Even if you’ve found the right bit of dirt, you have to make sure that it is actually zoned for housing. Zoning laws are designed to restrict the size of buildings and the types of buildings that can be built on that land. It’s why you won’t see large metallurgy factories built directly in the middle of a residential community.

You also want to check the physical land itself. Make sure the soil won’t hinder or impede your ability to actually build new home builds on top of it. Consider if you’ll have trouble installing electricity, if the elevation may be an obstacle, or if there are any larger environmental issues to consider. That generally requires a lot of research and a lot of communication with more informed people. Expect to talk with architects, general contractors, utility companies, city agencies, and neighborhood councils.

Sloping California

In Los Angeles and other parts of California, finding a flat piece of land can be surprisingly difficult. While you might find plenty of plots to choose from, many are on slopes, some of which are steeper than others. Developing on slopes isn’t impossible, but it does pose extra problems and considerations, which often means spending more money. You have to factor in concrete pillars, retaining walls, and other supports that keep the home from sliding right down that hill.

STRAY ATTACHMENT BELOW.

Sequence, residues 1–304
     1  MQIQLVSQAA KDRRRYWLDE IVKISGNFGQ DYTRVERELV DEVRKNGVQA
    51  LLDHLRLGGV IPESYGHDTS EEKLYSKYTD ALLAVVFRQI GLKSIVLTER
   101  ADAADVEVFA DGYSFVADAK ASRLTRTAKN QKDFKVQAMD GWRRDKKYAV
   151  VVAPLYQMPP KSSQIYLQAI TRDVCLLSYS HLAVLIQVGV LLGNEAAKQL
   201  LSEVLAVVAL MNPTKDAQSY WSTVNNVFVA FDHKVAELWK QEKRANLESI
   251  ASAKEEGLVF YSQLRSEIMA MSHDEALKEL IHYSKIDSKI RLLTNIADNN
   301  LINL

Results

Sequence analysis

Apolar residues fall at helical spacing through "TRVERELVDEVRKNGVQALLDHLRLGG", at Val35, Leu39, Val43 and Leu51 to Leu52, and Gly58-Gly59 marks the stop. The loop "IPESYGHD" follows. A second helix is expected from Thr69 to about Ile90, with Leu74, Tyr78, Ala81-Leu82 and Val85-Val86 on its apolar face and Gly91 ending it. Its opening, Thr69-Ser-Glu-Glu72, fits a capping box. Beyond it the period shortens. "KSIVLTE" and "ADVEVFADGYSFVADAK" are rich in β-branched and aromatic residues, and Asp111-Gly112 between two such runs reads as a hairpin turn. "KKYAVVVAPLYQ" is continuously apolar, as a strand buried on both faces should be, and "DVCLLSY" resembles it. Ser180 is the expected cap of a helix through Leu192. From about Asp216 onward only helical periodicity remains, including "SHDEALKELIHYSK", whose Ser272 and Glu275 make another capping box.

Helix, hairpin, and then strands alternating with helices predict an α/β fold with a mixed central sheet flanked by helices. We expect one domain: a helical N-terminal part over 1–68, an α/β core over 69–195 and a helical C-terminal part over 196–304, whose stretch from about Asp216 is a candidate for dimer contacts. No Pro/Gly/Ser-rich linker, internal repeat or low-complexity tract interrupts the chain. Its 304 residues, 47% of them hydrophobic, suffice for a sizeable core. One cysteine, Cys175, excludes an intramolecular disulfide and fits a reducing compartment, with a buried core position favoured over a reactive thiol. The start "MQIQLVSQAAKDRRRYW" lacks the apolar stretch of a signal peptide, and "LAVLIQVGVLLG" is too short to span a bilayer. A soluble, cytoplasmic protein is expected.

Paying for the land

Most experts recommend paying for plots of land with cash. That’s because getting a land mortgage can be difficult, more so than getting a mortgage for a house. Land loans tend to carry a lot of risks as they don’t have generally come with any collateral. That means high down payments, sometimes as much as 50 percent of the total cost, and high-interest rates.

Completing your purchase

To officially close on a land purchase, you need to sign a land purchase agreement, which specifies the amount of money you are paying for the land along with the amount that you are putting down. The agreement is essentially a contract between you and the seller that essentially ensures that you get the land and the seller gets their money. You will also have to review state-specific real estate forms, a closing statement that reviews all the costs, and the deed that transfers the land title from the former owner to you.

Be patient